Continuing my artistic research and studies, I got completely fascinated by the manipulation of the body’s shapes and the sequentiality, by how these two aspects of the image could live together in the drawing, in a practice halfway between study and an unconscious tale. In 2013 at a Biennale in Venice I saw some sculptures by Berlinde de Bruyckere which struck me, so I began to look up to his work and to other artists who mostly worked with sculpture and three-dimensional such as Luise Bourgeois and Hans Bellmer, and I began to study bodies and their tension through the sign.
I’ve always found it very stimulating to study artists which don’t specifically work with the same media as I do, but with the ones I feel instinctively akin to: the evanescence in the photography of Francesca Woodman, the cloudy border between experience, life, and performance in Sophie Calle, the violence of the work of Tracey Emin.

I’ve always found it very stimulating to study artists which don’t specifically work with the same media as I do, but with the ones I feel instinctively akin to: the evanescence in the photography of Francesca Woodman, the cloudy border between experience, life, and performance in Sophie Calle, the violence of the work of Tracey Emin.

Now that we are almost out of this pandemic, what are you planning next for your career?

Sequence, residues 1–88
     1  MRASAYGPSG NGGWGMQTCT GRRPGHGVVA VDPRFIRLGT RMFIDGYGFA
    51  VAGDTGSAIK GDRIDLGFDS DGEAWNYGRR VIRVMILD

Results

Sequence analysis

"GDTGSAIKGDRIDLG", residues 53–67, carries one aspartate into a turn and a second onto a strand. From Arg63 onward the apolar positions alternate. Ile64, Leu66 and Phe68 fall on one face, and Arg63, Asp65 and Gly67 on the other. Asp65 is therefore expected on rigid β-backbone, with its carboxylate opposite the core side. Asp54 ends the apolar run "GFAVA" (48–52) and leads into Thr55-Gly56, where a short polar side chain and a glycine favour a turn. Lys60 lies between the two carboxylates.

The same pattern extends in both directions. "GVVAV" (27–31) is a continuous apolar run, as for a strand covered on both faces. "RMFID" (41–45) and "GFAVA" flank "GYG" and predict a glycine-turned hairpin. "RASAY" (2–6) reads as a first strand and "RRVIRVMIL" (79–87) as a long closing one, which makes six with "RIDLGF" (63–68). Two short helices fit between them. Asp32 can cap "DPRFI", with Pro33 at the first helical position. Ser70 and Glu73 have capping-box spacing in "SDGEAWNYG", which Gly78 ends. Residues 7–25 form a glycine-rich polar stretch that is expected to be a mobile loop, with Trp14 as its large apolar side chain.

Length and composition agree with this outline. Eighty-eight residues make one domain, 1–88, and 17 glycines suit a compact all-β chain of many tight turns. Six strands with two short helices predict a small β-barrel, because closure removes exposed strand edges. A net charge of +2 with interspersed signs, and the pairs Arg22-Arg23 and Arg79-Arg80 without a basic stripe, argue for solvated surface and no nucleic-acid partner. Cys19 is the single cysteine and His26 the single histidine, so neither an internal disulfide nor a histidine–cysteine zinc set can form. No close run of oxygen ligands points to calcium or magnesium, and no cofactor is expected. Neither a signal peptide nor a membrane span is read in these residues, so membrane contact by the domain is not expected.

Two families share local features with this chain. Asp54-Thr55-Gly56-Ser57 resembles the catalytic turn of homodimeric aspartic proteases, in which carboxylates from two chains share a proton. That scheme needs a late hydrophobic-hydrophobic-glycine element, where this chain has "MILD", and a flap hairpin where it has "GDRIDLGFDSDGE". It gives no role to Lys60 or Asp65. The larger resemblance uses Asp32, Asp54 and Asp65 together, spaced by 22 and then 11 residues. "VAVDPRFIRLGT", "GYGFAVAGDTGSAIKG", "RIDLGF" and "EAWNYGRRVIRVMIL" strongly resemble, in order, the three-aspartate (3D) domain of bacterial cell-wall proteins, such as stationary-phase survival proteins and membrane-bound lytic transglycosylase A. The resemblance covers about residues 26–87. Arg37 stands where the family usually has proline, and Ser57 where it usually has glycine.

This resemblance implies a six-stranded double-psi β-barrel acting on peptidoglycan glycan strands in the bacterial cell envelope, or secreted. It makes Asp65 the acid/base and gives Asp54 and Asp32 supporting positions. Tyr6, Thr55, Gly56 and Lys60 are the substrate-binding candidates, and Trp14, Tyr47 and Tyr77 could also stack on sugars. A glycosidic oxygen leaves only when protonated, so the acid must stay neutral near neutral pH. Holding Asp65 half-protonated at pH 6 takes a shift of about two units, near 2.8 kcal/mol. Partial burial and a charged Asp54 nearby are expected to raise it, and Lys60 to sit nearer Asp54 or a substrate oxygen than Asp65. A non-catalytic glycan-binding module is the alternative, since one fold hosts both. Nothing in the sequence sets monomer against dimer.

I’ve been living in Milan for 10 years and, without being aware of it, it became my home. Just before the pandemic, I thought to leave, to go abroad and gain some experience in other cities, maybe in some residencies. I’d like to pick that project up again, as soon as the situation improves, maybe this spring.
Currently, I’m working on new various projects, among which there is a little animated short film.

What is your relationship with social media and how do you use them?
A complicated relationship, I would say. I don’t know how to express myself about the topic, as I still haven’t decided what to think about it, but I believe it is the dilemma of many artists today. Without Instagram, I probably couldn’t have had the chance to get to know the profiles of many other emerging artists and in general of more interesting realities out of Italy too, or that only exist online.
There are artists who, in addition to simply publishing pictures of what they create, cleverly manipulate social media, and use them as part of their work: in this case, I believe it can become an interesting way to build alternative narrations.
It must be said that they can become detrimental for other kinds of projects which don’t adapt and don’t fit into that kind of logic, in that selective process which in some way excludes from our attention anything that can’t be caught immediately, which is not instantly visually appealing, which requires slowness and some effort, even in the fulfillment of the simple role of spectator.
I have to say that maybe I’m too attached to the idea of the creative process and the fruition of artworks as a moment which, even if brief, resists the flow of the routine and offers an opening towards thinking and amazement.
The infinite variety of visual contents at our disposal today and their resulting gradual homogenization brings art to blend in different contexts: this can represent an interesting breakthrough but, at the same time, it sometimes threatens that cathartic moment.

Giada Pignotti, part of MAD - from "MYSTIC SWAMP (questa palude è un tempo di mezzo)" series, 2020 | available here on Artsted

Written by
Anna Frattini